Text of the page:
Robotron: 2084

A 36-year-old Arcade Video Game PCB by Williams Electronics, Inc.

Robotron: 2084 screenshot

Emulated in MAME !

Information for the following ROM(s): robotron robotronyo robotron87


Robotron: 2084 © 1982 Williams.

Set in the year 2084, Robotron is a single-screen shoot-em-up in which super-intelligent self-aware robots known as 'Robotrons' - designed and built to help mankind - have revolted against their creators and vowed to either reprogram the humans into Robotrons or, failing this, wipe-out the human race entirely.

The player must destroy the robots and rescue the Earth's remaining human families. The player's only weapon is a multi-directional Anti-Robot Laser Gun. Used effectively, it will give players the power to destroy all the Robot waves, with the exception of the indestructible 'Hulk' unit.

At the start of the attack wave, players will have three chances to wipe out the enemy and advance to the next wave. Every 25,000 points players are granted another chance to complete their mission.

MAN, WOMAN, CHILD: These are the only three types of human clones left on Earth. Defenseless and easy prey to the Robots, they are totally dependent upon players for their survival and will wander aimlessly until the player makes contact with them. Touching them will place them under the player's protective powers and earn them the following points: 1,000 for rescuing the 1st human; 2,000 for the 2nd: 3,000 for the 3rd; 4,000 for the 4th; 5,000 for the 5th; and 5,000 for every additional human saved. At the beginning of each new wave and when the player loses a turn, rescue scoring will again begin at 1,000.


TANK: Its goal is to kill the player by firing rebounding Shells. Annihilate the Tank for 300 points; the Shell for 50 points.

BRAIN: Red alert. The Brain is the most clever and dangerous of the Robot species. Its two-pronged attack will be launched every fifth wave. If it collides with the player, it will electrocute them where they stand. It also possesses the devastating power to fire Cruise Missiles which will follow the player until either contact is made or they are shot and destroyed. Kill the Brain for 500 points; demolish the Cruise Missile for 75 points.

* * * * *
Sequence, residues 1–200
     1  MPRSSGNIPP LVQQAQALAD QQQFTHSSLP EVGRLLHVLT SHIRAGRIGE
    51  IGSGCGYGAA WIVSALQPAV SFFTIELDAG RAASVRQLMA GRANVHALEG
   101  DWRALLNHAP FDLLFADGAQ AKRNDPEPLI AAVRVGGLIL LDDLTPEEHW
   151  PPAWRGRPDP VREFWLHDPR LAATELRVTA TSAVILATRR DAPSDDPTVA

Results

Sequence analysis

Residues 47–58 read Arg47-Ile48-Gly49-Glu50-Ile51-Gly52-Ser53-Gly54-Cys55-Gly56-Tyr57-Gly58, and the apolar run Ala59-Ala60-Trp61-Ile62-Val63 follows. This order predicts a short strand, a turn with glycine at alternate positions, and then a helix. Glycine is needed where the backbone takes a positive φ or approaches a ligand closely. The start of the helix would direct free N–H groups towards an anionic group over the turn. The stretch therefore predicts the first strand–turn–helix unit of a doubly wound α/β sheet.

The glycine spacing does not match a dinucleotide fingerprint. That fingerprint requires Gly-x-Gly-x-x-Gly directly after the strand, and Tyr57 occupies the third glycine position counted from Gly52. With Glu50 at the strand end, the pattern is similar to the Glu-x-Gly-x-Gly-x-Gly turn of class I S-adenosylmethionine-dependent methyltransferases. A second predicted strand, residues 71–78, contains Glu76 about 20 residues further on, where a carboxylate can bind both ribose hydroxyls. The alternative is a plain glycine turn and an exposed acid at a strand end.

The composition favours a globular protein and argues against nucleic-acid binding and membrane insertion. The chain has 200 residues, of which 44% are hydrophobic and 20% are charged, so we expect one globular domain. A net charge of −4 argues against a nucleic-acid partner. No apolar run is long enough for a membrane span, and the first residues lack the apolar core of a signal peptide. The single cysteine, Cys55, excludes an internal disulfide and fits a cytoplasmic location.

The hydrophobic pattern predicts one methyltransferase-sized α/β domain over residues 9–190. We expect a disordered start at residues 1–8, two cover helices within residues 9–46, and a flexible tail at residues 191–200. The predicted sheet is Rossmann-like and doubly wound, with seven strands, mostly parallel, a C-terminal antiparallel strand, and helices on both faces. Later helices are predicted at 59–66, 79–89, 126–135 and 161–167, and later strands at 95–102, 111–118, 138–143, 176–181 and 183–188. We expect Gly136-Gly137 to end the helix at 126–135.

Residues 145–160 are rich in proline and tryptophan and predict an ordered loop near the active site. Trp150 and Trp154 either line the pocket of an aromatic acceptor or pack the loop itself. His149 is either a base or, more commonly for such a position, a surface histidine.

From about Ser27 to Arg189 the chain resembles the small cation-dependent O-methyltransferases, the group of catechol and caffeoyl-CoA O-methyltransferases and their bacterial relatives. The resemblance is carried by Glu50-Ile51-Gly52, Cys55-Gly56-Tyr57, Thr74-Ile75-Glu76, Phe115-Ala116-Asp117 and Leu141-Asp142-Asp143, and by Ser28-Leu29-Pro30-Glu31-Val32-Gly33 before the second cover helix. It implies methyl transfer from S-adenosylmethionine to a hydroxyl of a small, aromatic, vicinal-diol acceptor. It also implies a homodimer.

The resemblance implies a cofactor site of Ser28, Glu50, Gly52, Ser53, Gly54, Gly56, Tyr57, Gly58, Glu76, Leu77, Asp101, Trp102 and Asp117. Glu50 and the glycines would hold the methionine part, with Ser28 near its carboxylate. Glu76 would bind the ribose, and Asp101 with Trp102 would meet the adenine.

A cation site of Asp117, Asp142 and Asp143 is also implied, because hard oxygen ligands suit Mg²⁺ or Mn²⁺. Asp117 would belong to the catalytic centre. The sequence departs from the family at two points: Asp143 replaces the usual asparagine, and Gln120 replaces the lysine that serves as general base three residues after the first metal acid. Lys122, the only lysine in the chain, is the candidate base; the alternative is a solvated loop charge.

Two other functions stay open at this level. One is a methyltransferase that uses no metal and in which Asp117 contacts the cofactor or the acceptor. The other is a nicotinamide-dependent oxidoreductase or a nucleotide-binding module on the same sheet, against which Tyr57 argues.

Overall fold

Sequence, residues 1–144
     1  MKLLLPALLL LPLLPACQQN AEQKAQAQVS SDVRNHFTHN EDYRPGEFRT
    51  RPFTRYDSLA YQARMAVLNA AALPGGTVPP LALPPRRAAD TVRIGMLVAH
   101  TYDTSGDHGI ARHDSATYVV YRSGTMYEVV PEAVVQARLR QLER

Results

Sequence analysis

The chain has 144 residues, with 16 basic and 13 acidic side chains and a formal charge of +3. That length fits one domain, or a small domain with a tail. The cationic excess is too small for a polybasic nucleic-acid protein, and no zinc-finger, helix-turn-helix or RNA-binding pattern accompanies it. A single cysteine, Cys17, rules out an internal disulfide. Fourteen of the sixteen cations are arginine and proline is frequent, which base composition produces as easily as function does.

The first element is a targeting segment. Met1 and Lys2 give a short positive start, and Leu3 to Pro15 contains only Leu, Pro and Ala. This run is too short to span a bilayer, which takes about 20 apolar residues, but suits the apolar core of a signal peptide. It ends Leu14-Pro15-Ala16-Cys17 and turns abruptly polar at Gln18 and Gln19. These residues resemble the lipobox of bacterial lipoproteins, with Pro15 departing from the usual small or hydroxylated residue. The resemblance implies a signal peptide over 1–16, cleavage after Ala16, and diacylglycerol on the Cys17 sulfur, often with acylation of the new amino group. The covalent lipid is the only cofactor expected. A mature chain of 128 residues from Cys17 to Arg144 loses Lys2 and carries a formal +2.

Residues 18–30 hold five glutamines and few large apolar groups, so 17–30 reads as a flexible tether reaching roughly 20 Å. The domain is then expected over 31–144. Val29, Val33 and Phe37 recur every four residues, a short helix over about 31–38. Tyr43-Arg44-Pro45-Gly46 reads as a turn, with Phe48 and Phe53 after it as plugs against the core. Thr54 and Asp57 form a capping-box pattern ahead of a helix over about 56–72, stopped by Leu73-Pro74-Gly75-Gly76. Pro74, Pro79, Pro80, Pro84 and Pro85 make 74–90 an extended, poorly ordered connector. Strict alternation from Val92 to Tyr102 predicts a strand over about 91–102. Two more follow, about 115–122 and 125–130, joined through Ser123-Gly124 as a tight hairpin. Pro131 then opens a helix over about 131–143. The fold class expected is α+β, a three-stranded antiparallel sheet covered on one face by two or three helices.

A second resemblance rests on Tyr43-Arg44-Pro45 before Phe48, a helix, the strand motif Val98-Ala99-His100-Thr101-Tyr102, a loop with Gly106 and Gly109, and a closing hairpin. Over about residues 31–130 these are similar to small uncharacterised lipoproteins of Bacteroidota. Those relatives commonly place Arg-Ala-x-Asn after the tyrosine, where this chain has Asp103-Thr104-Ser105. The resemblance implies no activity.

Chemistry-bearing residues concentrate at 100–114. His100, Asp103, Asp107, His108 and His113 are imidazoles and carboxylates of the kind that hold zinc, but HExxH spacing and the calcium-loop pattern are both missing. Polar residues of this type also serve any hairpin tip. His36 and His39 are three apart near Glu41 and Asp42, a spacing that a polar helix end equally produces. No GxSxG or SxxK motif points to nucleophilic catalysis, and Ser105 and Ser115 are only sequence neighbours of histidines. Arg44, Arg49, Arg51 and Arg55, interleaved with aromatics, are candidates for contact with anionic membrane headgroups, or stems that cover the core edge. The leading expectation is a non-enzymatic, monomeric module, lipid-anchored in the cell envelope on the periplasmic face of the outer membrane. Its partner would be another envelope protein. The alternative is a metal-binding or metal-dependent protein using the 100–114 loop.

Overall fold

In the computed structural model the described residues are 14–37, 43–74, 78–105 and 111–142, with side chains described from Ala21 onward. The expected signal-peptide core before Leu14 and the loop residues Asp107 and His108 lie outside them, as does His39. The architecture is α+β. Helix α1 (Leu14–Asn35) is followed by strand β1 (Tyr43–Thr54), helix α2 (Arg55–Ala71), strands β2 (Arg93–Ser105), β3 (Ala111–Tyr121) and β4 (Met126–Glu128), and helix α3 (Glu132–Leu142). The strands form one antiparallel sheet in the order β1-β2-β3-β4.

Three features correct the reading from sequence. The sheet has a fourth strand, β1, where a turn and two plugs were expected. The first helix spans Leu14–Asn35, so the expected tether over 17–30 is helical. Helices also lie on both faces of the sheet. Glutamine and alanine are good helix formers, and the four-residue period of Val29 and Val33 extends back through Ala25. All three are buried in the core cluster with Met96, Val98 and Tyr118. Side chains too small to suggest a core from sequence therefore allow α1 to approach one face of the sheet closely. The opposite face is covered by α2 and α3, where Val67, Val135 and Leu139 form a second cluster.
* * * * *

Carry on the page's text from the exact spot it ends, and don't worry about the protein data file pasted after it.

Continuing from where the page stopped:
The victims of the second prong of the Brain's attack are the defenseless humans. If captured, a human will be irreversibly transformed - literally re-programmed by the Brain's incredible mind powers - into a Prog: a Robot that will viciously turn against its own protector, the player. Annihilate the Progs for 100 points or meet a violent death at their hands.

SPHEROID: This pulsating sphere may at first look harmless, but it is the mothership which spawns deadly Enforcer Embryos. Players must try to explode the Spheroid before it ejects the Embryos to earn 1,000 points.

ENFORCER: The Embryos grow into evil Enforcers. Kill them for 200 points. Let them live and they will lessen the player's chance for survival by launching Enforcer Sparks. Destroy the Sparks for 25 points.

HULK: In all attack waves except every fifth, the Hulk will stalk his prey. He alone of the Robot species cannot be killed. The player's Laser Gun can only slow him down or divert him from his objective of crushing all life from the humans and the player. Players must avoid this Robot at all costs or the mission will be lost at the outset.

GRUNT: The least sophisticated species of Robot is the Grunt. He has no weapon and possesses only minimal intelligence. This does not mean he is to be dealt with lightly. He will single-mindedly pursue players to capture and destroy them. Kill him and score 100 points.

ELECTRODES: The pulsating, immobile Electrodes will attempt to block the player's path. A collision with them means instant death. Fortunately, the Grunts will also be annihilated by contact with the player. Electrodes must be avoided or destroyed with the Laser Gun. In each new attack wave they will assume a different shape, but remain just as deadly if contact is made.


Robotron: 2084 the Arcade Video Game PCB
Click to enlarge
(members only)
Robotron was available in both upright and cocktail format, with the cocktail cabinet being fairly rare. The alternate cabinets also had different graphics (at least the color scheme was different), and are much more difficult to find replacement graphics for. The standard Robotron upright was 6'2" tall and featured white sides and a black front. It had painted side-art in the form of a '2084' logo and a few stripes (this is a very simple design, and is easy to repaint if your cabinet happens to be scratched up). The control panel is covered with a geometric shape design, and has two 8-Way joysticks and two start buttons. These joysticks are of a peculiar design, but can easily be replaced with a pair of modern joysticks (purchase red ball tops ones, because that is what the originals had). The games marquee has the 'Robotron' logo in a font reminiscent of an early 80s computer. This is superimposed over a triangular design made from shapes and lines. The Robotron cocktail cabinet was finished completely with woodgrain laminate. The only graphics were on the control panels, and the small instruction cards that were placed under the top glass. The players would sit across from each other, and the screen image would flip for each player.

Main CPU : Motorola M6809 (@ 1 Mhz)
Sound CPU : M6808 (@ 894.75 Khz)
Sound Chips : DAC

Players : 2
Control : Double 8-way joysticks (see 'Trivia' section for more information)


Robotron: 2084 was released in March 1982.